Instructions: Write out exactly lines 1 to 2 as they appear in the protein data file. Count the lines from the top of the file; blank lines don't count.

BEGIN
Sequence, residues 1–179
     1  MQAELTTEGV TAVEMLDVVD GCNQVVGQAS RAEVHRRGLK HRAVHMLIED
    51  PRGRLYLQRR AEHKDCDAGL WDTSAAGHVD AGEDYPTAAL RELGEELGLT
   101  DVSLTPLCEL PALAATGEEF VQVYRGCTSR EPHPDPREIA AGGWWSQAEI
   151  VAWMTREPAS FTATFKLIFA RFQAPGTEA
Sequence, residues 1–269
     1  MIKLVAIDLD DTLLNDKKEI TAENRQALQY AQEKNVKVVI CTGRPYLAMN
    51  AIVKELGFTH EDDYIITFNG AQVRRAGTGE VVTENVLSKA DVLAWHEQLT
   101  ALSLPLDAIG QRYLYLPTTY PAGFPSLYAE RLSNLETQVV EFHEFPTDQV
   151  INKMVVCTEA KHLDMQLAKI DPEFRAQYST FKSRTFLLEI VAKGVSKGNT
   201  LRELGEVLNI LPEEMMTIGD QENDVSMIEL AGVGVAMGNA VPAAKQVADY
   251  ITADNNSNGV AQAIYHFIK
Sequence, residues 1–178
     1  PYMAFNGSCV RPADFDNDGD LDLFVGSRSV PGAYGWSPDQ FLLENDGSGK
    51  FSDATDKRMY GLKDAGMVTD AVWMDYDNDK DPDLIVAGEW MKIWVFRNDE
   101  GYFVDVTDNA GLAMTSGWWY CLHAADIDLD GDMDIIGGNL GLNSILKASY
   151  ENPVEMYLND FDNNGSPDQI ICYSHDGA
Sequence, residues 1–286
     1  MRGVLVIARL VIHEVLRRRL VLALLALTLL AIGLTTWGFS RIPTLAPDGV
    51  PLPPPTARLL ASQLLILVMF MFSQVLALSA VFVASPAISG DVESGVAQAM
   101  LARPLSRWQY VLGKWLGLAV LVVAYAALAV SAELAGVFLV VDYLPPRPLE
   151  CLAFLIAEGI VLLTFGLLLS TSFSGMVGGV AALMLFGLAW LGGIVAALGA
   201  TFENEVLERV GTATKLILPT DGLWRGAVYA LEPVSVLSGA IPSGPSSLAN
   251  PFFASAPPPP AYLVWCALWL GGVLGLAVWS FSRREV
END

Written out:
Sequence, residues 1–179
     1  MQAELTTEGV TAVEMLDVVD GCNQVVGQAS RAEVHRRGLK HRAVHMLIED